United States free-trade agreements

The United States is party to many free-trade agreements (FTAs) worldwide.

Beginning with the Theodore Roosevelt administration, the United States became a major player in international trade, especially with its neighboring territories in the Caribbean and Latin America. Today, the United States has become a leader of the free trade movement, standing behind groups such as the General Agreement on Tariffs and Trade (later the World Trade Organization).

FTAs with the United States
  United States
  Free-trade areas

Past free trade agreements

Free trade agreements in force

Here is a list of free trade agreements of which the United States is part. In parentheses, the abbreviation, if applicable, membership if not stated before, and the date of coming into force are to be seen.

Proposed free trade agreements

The United States has started negotiating bilateral and multilateral free trade agreements with the following countries and blocs:

See also


  1. ^ Trans-Pacific Strategic Economic Partnership Agreement between Brunei Darussalam, Chile, New Zealand and Singapore - P4

External links

Bahrain–United States Free Trade Agreement

The United States–Bahrain Free Trade Agreement (USBFTA) is a free trade agreement (FTA) between the United States and Bahrain, signed on September 14, 2004. It was ratified by the United States House of Representatives on December 7, 2005, by 327–95, with 10 not voting.The United States Senate approved the bill on December 13, 2005, by voice vote. President George W. Bush signed the USBFTA Implementation Act into law on January 11, 2006. The FTA was implemented on August 1, 2006, and will reduce certain barriers of trade between the two countries.Early stages of the Bahrain–U.S. free trade negotiations go back to the year 1999, with the signing of a Bilateral Investment Treaty (BIT), which entered into force May 31, 2001. It is the first such treaty signed between the United States and a member of the GCC, and is aimed at stimulating the flow of private investment between the two countries. Both parties agreed that a stable framework for investment would maximize effective utilization of economic resources and improve living standards. One year later, a Trade and Investment Framework Agreement (TIFA) was signed on June 18, 2002, representing the prelude for the FTA negotiations. The TIFA was designed as a forum for an ongoing bilateral dialogue on economic reform and trade liberalization.

Canada–United States Automotive Products Agreement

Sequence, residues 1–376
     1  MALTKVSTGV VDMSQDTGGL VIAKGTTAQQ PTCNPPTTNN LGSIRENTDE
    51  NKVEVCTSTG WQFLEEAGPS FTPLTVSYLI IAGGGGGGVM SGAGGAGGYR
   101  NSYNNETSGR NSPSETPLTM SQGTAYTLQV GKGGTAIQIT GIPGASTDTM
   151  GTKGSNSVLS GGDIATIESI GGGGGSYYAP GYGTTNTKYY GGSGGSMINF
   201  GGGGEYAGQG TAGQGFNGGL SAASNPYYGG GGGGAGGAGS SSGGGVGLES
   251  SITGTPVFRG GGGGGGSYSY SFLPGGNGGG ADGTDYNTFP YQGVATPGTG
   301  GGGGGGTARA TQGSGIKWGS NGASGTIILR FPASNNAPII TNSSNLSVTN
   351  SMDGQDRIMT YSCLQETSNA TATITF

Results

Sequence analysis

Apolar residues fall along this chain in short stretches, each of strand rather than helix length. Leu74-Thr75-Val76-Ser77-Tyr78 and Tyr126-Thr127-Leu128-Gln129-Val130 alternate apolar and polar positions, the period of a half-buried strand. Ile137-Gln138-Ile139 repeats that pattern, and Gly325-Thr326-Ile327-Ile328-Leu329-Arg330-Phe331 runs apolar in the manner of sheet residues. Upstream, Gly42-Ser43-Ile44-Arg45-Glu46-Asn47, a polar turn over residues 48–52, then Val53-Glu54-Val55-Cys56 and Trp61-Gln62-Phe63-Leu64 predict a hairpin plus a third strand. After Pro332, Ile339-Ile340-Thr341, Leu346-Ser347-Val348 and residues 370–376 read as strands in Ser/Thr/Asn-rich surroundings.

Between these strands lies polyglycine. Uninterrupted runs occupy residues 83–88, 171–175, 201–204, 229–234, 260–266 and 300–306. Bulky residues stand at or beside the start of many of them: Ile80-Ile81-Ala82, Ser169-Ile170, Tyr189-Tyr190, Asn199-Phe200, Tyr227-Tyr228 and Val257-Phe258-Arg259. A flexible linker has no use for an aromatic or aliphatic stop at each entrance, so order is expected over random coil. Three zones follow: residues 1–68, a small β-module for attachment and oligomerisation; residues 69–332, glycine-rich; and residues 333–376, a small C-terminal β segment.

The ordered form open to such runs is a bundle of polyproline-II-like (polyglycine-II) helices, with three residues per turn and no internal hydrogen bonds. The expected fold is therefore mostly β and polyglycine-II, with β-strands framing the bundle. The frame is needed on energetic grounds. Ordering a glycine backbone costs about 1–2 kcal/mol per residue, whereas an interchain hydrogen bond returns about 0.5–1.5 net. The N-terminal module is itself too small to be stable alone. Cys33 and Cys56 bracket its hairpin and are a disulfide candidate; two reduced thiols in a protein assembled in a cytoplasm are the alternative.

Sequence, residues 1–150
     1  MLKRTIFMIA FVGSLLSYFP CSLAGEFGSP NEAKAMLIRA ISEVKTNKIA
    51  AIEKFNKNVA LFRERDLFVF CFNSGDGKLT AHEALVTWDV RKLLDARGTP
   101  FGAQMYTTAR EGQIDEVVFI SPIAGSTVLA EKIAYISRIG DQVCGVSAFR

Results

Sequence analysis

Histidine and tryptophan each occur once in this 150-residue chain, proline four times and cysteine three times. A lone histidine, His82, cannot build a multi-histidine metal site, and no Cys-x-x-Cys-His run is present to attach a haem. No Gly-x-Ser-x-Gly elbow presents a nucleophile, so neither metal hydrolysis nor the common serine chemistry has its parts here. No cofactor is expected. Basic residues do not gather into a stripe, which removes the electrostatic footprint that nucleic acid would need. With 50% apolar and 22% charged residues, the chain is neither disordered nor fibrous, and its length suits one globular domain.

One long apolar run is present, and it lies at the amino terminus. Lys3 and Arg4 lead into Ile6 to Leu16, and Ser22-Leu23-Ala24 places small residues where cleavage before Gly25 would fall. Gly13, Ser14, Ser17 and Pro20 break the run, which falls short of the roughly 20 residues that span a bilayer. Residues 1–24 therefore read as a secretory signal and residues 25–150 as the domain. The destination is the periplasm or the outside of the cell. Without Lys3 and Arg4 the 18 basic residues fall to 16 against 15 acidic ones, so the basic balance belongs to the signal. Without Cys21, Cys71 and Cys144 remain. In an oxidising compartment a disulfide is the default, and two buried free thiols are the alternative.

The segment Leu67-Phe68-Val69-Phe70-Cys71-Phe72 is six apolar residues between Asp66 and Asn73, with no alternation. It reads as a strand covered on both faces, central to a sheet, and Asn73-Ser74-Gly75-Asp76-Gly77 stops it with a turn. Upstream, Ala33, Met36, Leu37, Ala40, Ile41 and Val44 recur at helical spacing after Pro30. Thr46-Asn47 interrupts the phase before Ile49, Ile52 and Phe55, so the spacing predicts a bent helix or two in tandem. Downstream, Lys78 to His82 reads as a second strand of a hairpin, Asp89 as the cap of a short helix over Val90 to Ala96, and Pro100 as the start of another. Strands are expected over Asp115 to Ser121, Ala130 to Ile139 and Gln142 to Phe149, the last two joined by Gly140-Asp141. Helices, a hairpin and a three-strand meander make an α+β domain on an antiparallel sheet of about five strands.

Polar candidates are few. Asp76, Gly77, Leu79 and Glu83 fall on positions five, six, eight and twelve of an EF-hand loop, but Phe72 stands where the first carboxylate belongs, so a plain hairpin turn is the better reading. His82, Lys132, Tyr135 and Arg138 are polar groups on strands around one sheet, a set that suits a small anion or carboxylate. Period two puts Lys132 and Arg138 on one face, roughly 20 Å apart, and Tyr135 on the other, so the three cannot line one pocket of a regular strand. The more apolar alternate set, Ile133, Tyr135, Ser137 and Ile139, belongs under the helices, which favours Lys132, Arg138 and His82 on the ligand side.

The Canada—United States Automotive Products Agreement, commonly known as the Auto Pact or APTA, was a trade agreement between Canada and the United States. It was signed by Prime Minister Lester B. Pearson and President Lyndon B. Johnson in January 1965.

European Union free trade agreements

The European Union has concluded free trade agreements (FTAs) and other agreements with a trade component with many countries worldwide and is negotiating with many others.

Fast track (trade)

The fast track authority for brokering trade agreements is the authority of the President of the United States to negotiate international agreements that Congress can approve or deny but cannot amend or filibuster. Renamed the trade promotion authority (TPA) in 2002, fast track negotiating authority is an impermanent power granted by Congress to the President. Fast track authority remained in effect from 1975 to 1994, pursuant to the Trade Act of 1974, and from 2002 to 2007 by the Trade Act of 2002. Although it technically expired in July 2007, it remained in effect for agreements that were already under negotiation until their passage in 2011. The following year, the Obama administration sought renewal of TPA, and in June 2015, it passed Congress and was signed into law by the President. Known as the Trade Preferences Extension Act of 2015, the legislation conferred on the Obama administration "enhanced power to negotiate major trade agreements with Asia and Europe."

Free Trade Area of the Americas

The Free Trade Area of the Americas (FTAA) was a proposed agreement to eliminate or reduce the trade barriers among all countries in the Americas, excluding Cuba.

H-1B visa

The H-1B is a visa in the United States under the Immigration and Nationality Act, section 101(a)(15)(H) that allows U.S. employers to temporarily employ foreign workers in specialty occupations. A specialty occupation requires the application of specialized knowledge and a bachelor's degree or the equivalent of work experience. The duration of stay is three years, extendable to six years; after which the visa holder may need to reapply. Laws limit the number of H-1B visas that are issued each year: 180,440 new and initial H-1B visas were issued in 2017. Employers must generally withhold Social Security and Medicare taxes from the wages paid to employees in H-1B status.

The H-1B visa has its roots in the H1 visa of the Immigration and Nationality Act of 1952; the split between H-1A (for nurses) and H-1B was created by the Immigration Act of 1990. 65,000 H-1B visas were made available each fiscal year, out of which employers could apply through Labor Condition Applications. Additional modifications to H1-B rules were made by legislation in 1998, 2000, in 2003 for Singapore and Chile, in the H-1B Visa Reform Act of 2004, 2008, and 2009. United States Citizenship and Immigration Services has modified the rules in the years since then.

Israel–United States Free Trade Agreement